Here’s a pop quiz. If nature calls and you need to relieve yourself right now, do you know where you would go to do so?

 If you are at home, you might choose the nearest bathroom in your house. If you are at work, you might have to go down the hall to a restroom. In public, say at a concert or a sporting event, women might have to wait longer than men, but ample facilities are available.
 
It’s an easy question isn’t it? Most of us have probably never given a second thought as to where we go, many times a day, to fulfill one of life’s most basic of biological functions. Not so in the poorest areas of the world.
 
In the sprawling townships outside of Cape Town, South Africa, hundreds of thousands of people live in informal settlements – communities made up of shacks constructed of whatever discarded items can be found to build a shelter. The rickety houses are hot in the summer, cold in the winter and wet in the rainy season when water comes in from holes in the tin roofs and through the dirt floors. It is disrespectful to call these informal settlements squatter camps, or township ghettos or slums, but if you have never been to one before, the term informal settlement doesn’t come close to adequately describing the horrendous living conditions.
 
In one township, Khayelitsha, there are over 700,000 people – twice the population of the city of Minneapolis. Unemployment is at 40%. More than 17% of adults are living with HIV/AIDS. Between 50 and 60 rapes are reported monthly with many more going unreported. For the children who go to school, there are 45 learners in a classroom and many schools lack books and libraries. This is the baseline for life in Khayelitsha. In the informal settlements, life is even harder.
 
It’s not just that these informal settlements often lack electricity and inadequate sources of clean drinking water; there are no toilets. To the estimated 500,000 people in the townships around Cape Town who do not have access to clean, safe, hygienic or private toilets, it is not easy to answer the question, “where do you go when nature calls?”
 
For the residents of one informal settlement called Taiwan, women, men and children must squeeze between the openings of a fence behind their shacks and use the grassy area that runs along the N2 highway as their very public toilet. It would be the equivalent of Minneapolitans using any open space along 35W – during all hours of the day and night – to relieve themselves. It’s more than just embarrassing; it’s a public health issue.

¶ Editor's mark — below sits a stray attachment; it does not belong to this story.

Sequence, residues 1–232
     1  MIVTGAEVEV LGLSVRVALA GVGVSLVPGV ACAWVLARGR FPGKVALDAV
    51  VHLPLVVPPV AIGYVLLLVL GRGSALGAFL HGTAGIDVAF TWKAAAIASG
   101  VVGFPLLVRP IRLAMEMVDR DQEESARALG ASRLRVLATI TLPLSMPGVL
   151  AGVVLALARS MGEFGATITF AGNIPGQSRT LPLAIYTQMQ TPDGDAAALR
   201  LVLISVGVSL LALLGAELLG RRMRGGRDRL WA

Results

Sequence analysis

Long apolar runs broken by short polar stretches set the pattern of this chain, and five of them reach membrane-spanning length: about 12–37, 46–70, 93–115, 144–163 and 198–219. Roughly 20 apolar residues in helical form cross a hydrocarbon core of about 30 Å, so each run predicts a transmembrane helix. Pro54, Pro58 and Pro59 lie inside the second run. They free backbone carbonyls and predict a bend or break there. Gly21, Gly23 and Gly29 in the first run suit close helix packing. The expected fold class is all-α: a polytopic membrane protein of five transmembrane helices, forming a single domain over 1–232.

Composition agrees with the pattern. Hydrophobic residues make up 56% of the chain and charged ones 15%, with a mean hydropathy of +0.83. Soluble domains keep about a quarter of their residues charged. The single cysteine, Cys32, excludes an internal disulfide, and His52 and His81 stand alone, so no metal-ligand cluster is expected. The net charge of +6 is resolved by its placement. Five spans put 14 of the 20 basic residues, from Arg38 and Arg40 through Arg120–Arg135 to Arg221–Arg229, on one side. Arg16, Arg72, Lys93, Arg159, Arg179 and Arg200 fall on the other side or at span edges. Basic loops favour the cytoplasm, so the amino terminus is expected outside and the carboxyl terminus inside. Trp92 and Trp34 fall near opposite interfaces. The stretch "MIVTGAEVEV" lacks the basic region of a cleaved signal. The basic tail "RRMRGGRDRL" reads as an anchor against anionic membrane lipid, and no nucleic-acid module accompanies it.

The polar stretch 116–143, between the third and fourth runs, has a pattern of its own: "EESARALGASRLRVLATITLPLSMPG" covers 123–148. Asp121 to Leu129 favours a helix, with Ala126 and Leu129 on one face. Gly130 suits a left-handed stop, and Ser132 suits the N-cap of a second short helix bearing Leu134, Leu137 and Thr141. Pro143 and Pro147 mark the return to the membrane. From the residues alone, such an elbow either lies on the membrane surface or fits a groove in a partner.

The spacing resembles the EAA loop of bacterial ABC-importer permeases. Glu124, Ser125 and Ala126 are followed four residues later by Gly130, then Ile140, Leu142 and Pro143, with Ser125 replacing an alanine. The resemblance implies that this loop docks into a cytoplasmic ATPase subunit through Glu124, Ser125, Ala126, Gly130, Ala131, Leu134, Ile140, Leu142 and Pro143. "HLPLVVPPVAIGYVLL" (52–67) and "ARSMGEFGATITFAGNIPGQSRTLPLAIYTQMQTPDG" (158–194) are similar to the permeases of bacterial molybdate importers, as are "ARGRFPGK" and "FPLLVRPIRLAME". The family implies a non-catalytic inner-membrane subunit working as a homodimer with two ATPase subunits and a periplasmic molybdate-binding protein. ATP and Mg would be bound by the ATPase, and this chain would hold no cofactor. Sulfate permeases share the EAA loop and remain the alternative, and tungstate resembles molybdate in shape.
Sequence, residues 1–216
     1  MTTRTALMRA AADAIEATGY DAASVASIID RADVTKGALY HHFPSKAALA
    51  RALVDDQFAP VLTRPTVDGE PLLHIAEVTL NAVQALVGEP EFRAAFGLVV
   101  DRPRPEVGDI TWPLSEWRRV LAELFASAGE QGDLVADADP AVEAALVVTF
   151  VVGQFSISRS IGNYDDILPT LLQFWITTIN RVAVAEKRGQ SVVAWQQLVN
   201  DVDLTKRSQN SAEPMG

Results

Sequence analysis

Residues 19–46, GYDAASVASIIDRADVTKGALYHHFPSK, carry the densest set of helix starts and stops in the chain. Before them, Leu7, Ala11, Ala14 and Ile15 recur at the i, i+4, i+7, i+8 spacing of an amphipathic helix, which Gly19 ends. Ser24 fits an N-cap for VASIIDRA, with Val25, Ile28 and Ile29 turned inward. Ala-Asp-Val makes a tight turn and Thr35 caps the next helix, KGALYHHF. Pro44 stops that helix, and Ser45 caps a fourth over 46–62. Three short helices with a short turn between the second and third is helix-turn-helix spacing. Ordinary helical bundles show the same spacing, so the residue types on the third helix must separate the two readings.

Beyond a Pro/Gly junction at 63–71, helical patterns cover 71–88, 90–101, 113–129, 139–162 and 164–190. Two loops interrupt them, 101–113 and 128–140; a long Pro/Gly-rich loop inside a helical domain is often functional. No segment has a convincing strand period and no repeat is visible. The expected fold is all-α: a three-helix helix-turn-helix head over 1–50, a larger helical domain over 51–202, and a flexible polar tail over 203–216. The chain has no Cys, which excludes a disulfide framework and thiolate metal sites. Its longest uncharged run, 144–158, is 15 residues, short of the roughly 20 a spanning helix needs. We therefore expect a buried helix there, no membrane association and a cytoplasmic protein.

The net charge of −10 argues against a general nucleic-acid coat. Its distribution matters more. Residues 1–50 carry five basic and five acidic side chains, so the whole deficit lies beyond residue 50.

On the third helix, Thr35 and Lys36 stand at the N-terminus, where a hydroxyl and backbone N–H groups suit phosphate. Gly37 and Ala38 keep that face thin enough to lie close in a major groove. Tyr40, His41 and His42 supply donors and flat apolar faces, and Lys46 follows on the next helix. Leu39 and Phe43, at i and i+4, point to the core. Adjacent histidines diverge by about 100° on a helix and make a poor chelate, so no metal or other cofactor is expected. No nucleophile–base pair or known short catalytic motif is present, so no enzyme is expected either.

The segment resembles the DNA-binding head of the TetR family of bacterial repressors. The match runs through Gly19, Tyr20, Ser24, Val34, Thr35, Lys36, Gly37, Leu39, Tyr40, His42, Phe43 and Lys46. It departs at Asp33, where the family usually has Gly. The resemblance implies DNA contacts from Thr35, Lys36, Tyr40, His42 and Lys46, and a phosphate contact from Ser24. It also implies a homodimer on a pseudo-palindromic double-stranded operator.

Human excrement and bits of dirty newspapers and plastic bags – the alternatives to toilet paper – dot the grounds that run parallel to the highway. The waste eventually makes its way into the swamp that abuts the shacks and where children sometimes play. Worms and gastroenteritis are rampant. Diarrhea is a leading cause of death for children under the age of five in places like Taiwan.
 
But the lack of adequate toilets is not just unhealthy; it is also dangerous. In fact, according to the Social Justice Coalition, (SJC) a nonprofit fighting for adequate sanitation in South Africa, this “simple and private bodily function is one of the most dangerous activities in the informal settlements.”
 
All of us, whether we have access to toilets or not, can understand feeling vulnerable when relieving ourselves. What we can’t understand is how responding to nature’s call puts us at risk for robbery and physical and sexual assault. But think about it, people who must use the side of a major freeway for their toilet usually go there by themselves and seek as private a spot as possible where they become targets for crime. At night, when women must go off by themselves, they become easy prey for rapists. The SJC has documented numerous cases of assaults, robberies and rape against people who were made vulnerable because they didn’t have access to safe toilets. They also report on the shacks that are burglarized when residents must leave them unattended to go and relieve themselves.
 
Access to toilets is not unique to South Africa. Worldwide, 2.5 billion people lack basic sanitation. What is unique is talking about the issue in a direct manner that gets people to comprehend the negative impact that lack of toilets has on public health, child mortality, crime and human dignity. The Social Justice Coalition in Khayelitsha is doing just that. To learn more, visit www.sjc.org.za.

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